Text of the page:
Ronnie Toth competed in Sunday’s Manhattan Beach Grand Prix; a race that nearly killed him only two years ago after he collided with a barrier on the sidelines. Below is a reflection of the race, along with an insider’s look at the final Cat 1-2 men’s race.
On Sunday I competed in a race that nearly took my life two years ago. Toeing the line at the Manhattan Beach Grand Prix Pro race took a courage and poise that we are seldom faced with on a daily basis.
Flashing back to donating two liters of blood to PCH in a 45mph collision with an awfully mean metal gate that left me in a nearly week long coma and 1 in 6 chance of succumbing to the injuries. I was a fortunate man to survive.
I was well aware of the dangers of racing at such speeds and sure to give extra clearance to the orange gates of death. A nice addition this year was that crowd control gates were zip tied at the top make sure that if someone did collide the gates would not separate causing additional injuries. The injuries I sustained two years prior included a humerus (bicep) bone that decided to exit my body and a face that was ripped open from my left eye, clear across my nose, leaving my sniffer to be replaced by a rib in subsequent surgeries.
Fortunate doesn't begin to describe the favor I had with the humble surgeons that pieced me back together. The decision to compete in the same event that nearly vacated me from this mortal coil was not an easy one. It was a calculated one, but one of passion and one of desire to thrive through adversity. The accident ended up becoming one of the best things that ever happened to me. It solidified parts of me that needed cementing and brought to fruition attributes that had been lying in wait, for the perfect opportunity to become salt and light to a dark and bland world. I realized through the ordeal and months of recovery that every human is fighting a battle. You may not be in a hospital bed, but people are daily going through the fires and pain in enduring all the worst that life can throw our way. I challenge you to see these fires and this pressing struggle as burning away that which you do not need and bringing into fruition the person that you are meant to become.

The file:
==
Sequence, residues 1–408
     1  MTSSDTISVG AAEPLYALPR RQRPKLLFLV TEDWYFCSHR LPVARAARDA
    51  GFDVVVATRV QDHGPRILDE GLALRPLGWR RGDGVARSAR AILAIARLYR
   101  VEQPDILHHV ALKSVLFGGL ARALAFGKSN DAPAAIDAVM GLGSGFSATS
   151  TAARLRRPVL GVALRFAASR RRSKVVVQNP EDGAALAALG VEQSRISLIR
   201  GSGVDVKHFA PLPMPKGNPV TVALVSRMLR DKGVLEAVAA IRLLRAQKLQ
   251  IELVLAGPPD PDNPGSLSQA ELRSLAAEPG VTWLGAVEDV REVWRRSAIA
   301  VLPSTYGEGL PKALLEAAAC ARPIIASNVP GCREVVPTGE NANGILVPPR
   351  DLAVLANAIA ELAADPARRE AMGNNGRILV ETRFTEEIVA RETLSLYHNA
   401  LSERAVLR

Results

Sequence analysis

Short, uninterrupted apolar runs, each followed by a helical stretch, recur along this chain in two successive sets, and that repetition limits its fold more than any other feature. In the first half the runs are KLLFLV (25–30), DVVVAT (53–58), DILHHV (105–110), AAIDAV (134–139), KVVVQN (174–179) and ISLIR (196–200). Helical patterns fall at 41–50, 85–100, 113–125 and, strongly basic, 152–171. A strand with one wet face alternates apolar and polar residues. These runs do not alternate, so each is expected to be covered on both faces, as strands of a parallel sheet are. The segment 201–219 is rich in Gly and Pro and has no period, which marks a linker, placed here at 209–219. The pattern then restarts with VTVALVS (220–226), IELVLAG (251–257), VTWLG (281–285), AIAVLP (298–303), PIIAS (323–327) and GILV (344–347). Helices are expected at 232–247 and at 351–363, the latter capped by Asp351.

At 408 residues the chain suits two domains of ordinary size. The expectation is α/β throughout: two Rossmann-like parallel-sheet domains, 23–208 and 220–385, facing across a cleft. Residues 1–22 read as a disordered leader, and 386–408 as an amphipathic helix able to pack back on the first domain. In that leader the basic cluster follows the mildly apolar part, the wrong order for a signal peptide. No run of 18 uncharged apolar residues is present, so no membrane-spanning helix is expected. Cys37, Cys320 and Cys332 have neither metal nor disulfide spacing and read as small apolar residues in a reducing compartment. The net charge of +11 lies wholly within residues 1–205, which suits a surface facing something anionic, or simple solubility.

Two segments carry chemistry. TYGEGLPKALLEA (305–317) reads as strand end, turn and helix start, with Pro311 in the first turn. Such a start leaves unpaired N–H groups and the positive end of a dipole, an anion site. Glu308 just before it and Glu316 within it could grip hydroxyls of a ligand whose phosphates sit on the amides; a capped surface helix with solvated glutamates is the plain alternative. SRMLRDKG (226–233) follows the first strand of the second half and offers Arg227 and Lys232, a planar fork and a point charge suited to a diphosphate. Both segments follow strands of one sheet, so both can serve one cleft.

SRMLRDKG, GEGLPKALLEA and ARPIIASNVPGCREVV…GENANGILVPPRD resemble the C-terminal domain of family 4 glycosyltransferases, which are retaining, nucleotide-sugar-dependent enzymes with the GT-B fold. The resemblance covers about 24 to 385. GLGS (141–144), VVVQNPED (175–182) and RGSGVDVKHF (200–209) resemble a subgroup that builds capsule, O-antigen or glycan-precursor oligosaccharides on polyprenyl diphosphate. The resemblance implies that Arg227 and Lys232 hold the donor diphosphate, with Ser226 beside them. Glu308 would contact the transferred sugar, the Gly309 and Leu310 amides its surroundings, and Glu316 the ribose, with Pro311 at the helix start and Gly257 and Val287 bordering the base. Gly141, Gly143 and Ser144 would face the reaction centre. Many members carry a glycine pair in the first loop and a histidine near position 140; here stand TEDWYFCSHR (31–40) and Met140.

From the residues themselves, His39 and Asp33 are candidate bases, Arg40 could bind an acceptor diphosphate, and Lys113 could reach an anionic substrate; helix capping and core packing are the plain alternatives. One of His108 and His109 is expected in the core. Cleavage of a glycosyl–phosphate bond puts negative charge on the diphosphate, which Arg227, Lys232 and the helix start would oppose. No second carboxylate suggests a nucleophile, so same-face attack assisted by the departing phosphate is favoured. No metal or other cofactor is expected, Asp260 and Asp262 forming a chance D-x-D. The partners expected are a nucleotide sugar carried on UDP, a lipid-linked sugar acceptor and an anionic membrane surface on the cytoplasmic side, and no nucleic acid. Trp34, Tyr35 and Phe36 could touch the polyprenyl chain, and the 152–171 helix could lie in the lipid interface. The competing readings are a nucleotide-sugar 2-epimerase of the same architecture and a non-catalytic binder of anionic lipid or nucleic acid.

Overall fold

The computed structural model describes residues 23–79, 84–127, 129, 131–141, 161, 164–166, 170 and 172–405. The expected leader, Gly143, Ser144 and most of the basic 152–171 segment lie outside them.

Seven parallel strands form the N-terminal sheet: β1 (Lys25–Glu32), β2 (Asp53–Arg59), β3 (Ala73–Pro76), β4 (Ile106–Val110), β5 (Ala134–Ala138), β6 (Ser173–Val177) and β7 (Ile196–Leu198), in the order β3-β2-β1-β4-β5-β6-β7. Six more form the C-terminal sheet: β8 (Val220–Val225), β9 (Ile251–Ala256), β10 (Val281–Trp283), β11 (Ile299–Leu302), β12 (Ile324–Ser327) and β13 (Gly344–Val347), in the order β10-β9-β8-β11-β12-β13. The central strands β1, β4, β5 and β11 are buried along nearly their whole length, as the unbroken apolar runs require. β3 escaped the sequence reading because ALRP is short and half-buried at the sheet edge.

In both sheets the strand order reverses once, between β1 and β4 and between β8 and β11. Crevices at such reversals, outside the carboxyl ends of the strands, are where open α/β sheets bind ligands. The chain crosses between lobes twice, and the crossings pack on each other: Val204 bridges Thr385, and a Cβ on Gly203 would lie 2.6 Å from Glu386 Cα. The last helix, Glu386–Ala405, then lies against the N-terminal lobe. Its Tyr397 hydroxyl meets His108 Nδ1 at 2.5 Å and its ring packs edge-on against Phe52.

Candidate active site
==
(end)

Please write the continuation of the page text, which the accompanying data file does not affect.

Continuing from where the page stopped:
I had a smile on my face the entire time gliding through corners at 30mph for 90 minutes on Sunday. A smile that can only come from the inner joy of doing what you love and being fortunate enough to use my body and subject myself with 100 other fellow superhero clad gents in magical stretchy pants as we debate at 180 beats per minute who truly is the sweatiest dreamer in all the land. As I followed wheels I gave a bit of extra space to my right as the same malicious orange gate scowled at me with a magnetic vengeance and instead of fear I shot back a knowing grin that I can and have found the formula for what it means to thrive on.
There were around 100 men signed up for the men's Pro event. It ended up being a 28 mph average two hairpins each lap. A stacked field led to a hot pace from the gun with Brandon Gritters getting a 50-meter gap, with a pace hovering around 30mph. At speeds this fast and such a deep talented field, it is difficult and unlikely that a break will stick. The InCycle Cannondale UCI Pro team was present and looking to set up a bunch sprint for their duo of brothers, Corey and Justin Williams.